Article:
animated-video-shows-how-much-weight-you-could-comparably-lift-on-other-planets

Animated Video Shows How Much Weight You Could Comparably Lift on Other Planets


In a new video Spanish animator MetaBallStudios shows how much weight a person could lift on different planets in the solar system using the same amount of force.


In a new edu-tainment video Spanish animator and YouTuber MetaBallStudios (MBS) offers a comparison of how much weight a person could lift on various planets in the solar system assuming a constant force (or effort). The comparison is brief, but includes examples on Jupiter, Neptune, Saturn, and even planetoids like Ceres and moons like Mars’ Phobos—a celestial body that wouldn’t just make you appear ultra-strong, but also, incidentally, dazzles with its frequent solar eclipses.

In his video MBS begins by showing a person—apparently wearing a suit reminiscent of the one SpaceX has made for astronauts—squatting 50 kilograms, or just about 110 pounds, on Earth. MBS then moves on to Jupiter, where the same person applying the same amount of force is only able to squat 20 kilograms, or about 44 pounds. (Notice the absence of “plates” on the bar for the lifting session on the Gas Giant.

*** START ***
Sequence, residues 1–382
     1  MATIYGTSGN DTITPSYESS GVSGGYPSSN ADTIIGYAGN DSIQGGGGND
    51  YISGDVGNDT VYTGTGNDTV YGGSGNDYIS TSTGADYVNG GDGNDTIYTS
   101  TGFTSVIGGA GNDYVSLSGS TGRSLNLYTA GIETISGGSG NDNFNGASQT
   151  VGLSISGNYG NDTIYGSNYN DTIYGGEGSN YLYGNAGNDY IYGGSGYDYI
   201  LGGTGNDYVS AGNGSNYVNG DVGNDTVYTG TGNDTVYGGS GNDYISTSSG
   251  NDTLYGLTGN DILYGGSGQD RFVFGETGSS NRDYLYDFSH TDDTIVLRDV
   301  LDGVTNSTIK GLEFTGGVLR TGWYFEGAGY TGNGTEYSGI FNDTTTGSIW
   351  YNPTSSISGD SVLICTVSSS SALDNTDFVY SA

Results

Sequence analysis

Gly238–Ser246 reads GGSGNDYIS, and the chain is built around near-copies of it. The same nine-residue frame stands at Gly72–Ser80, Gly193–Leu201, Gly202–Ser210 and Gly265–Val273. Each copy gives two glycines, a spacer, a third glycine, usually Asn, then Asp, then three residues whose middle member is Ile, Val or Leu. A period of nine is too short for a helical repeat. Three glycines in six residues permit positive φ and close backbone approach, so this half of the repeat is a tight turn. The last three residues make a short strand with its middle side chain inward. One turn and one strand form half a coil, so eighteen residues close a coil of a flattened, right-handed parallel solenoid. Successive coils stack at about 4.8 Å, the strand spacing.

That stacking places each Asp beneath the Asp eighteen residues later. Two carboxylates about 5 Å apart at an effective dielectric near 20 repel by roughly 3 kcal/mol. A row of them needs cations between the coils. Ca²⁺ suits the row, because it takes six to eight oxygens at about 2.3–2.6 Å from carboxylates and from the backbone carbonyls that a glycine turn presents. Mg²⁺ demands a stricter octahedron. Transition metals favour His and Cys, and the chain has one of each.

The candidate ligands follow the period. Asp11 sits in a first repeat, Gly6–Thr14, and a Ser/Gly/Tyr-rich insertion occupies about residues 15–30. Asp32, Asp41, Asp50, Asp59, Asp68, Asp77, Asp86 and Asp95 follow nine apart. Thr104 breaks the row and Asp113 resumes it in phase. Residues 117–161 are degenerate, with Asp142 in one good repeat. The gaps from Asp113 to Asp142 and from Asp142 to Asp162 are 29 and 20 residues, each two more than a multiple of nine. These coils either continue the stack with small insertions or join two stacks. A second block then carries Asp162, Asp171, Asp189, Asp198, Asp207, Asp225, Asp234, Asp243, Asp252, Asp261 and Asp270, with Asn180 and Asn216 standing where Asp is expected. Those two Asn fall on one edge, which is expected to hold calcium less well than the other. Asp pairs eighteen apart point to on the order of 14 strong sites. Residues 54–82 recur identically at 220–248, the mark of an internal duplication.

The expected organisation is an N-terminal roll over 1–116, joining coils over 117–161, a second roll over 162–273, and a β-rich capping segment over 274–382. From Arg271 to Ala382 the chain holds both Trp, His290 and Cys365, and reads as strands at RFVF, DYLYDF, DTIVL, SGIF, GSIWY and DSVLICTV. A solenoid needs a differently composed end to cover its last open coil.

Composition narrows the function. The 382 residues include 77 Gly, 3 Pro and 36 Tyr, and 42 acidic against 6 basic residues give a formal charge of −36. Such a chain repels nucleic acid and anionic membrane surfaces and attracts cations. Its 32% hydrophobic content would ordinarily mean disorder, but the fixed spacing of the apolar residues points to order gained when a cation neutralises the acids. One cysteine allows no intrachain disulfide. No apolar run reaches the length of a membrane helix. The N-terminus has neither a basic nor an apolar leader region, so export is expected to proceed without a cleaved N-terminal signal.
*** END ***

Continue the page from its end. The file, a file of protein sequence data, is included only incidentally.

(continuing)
MBS then moves on to Neptune, Saturn, Venus, Mars, the Moon, Pluto, and the dwarf planet Ceres where he’s able to lift, respectively: 97 pounds; 103 pounds; 121 pounds; 291 pounds; 668 pounds; 1,741 pounds; and 3,860 pounds. Although while the numbers on Pluto and Ceres seem ridiculous enough, it’s not until we see the weight lifter on Phobos that he’s able to squat a truly unthinkable 190,000 pounds.

The animator—whose real name is Alvaro Gracia Montoya—finishes off the comparison by showing the weight lifter on the Sun. As for max load there? Just four pounds. Which still seems like quite a bit considering our home star’s size. Although if you ask the gym rats, it’s really the density of a celestial object that matters.


Feature image: MetaBallStudios

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